A glimpse into Australia’s Antarctic Science programs: Changing phytoplankton in a changing climate: href=“http://www.antarctica.gov.au/news/2017/big-changes-predicted-for-the-smallest-southern-ocean-species“ target=“_blank“>In a review on antarctic polar science projects in recent years the authors conclude that climate change also alters the composition, the distribution and the growth of phytoplankton.
Since this phytoplankton binds carbon dioxide from the air or produces chemical substances that contribute to the formation of clouds, a change in the composition and occurrence of these tiny algae could have significant influence on the future climate as well. Glacial melting and sea ice thinning favor tiny flagellate algae, while the major diet of the Antarctic krill, the diatoms, will lose their optimal habitat. The scientists need to do more work to understand how fast and how long the phytoplankton species can adapt to their new environmental conditions.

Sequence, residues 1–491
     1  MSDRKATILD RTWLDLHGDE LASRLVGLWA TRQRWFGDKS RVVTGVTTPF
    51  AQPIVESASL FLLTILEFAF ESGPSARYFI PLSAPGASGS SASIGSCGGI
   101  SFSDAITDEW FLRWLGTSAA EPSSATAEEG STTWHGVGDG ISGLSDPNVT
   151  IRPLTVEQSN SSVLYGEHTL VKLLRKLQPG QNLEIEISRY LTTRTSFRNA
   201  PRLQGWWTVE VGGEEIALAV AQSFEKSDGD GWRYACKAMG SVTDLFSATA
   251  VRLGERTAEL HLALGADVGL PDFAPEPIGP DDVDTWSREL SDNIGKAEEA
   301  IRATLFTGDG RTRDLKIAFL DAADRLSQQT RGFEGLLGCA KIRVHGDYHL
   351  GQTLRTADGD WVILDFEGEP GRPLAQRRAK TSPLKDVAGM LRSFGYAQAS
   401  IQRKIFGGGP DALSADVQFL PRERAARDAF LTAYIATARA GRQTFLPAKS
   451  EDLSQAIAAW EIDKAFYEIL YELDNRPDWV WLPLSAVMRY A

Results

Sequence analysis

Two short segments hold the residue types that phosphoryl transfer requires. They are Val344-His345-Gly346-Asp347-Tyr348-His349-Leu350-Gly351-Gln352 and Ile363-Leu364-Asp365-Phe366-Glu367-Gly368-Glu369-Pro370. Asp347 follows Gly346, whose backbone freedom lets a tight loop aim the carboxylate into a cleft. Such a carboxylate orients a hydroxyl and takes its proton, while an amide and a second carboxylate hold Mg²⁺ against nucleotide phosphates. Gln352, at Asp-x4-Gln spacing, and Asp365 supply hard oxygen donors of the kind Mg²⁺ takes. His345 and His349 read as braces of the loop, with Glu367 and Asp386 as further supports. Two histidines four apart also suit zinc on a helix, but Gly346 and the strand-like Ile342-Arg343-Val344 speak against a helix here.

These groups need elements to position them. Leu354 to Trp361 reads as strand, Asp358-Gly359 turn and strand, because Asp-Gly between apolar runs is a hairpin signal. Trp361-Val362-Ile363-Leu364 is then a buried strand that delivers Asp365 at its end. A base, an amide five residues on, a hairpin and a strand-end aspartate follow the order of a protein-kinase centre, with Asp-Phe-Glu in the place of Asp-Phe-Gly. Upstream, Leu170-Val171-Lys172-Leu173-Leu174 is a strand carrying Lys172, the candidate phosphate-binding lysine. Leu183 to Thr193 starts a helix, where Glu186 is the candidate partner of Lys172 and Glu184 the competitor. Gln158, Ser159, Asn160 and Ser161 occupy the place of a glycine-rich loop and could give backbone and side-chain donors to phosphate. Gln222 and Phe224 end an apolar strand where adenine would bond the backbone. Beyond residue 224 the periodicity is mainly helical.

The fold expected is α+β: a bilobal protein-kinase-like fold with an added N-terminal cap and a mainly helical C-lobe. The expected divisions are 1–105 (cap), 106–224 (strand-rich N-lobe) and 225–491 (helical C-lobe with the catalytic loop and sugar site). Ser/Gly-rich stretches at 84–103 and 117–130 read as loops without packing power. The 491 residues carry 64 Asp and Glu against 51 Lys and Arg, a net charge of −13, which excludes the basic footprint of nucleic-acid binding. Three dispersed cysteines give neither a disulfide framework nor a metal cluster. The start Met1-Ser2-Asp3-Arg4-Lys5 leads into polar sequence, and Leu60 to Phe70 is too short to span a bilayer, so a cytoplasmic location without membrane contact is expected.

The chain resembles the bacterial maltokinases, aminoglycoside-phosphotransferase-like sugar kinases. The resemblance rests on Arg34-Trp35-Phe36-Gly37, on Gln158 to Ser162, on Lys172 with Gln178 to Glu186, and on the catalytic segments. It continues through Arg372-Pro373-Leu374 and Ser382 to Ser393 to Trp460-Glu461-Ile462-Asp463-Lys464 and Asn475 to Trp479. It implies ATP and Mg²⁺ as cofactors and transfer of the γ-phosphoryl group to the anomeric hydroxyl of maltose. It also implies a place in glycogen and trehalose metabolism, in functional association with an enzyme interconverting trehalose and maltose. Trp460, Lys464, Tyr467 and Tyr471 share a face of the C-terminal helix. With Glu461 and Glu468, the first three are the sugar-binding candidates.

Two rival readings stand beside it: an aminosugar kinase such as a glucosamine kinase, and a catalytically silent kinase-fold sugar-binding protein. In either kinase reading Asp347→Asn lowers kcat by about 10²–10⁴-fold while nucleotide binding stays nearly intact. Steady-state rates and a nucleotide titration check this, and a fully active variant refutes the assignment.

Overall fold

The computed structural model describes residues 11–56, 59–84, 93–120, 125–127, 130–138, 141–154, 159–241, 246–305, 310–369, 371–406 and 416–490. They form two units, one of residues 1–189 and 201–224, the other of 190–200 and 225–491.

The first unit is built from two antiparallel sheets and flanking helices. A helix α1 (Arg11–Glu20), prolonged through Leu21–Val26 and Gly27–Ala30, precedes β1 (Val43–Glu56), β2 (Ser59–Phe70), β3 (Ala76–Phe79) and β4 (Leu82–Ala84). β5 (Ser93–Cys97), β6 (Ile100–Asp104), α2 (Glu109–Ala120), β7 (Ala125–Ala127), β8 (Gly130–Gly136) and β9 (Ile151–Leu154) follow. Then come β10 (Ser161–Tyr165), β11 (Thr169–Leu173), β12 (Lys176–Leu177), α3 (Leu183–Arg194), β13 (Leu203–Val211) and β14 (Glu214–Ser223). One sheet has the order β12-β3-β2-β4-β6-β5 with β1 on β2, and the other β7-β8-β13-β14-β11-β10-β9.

Algae – here terrestrial ones on Petermann Island – are influenced by climate change, but this is not a one way road.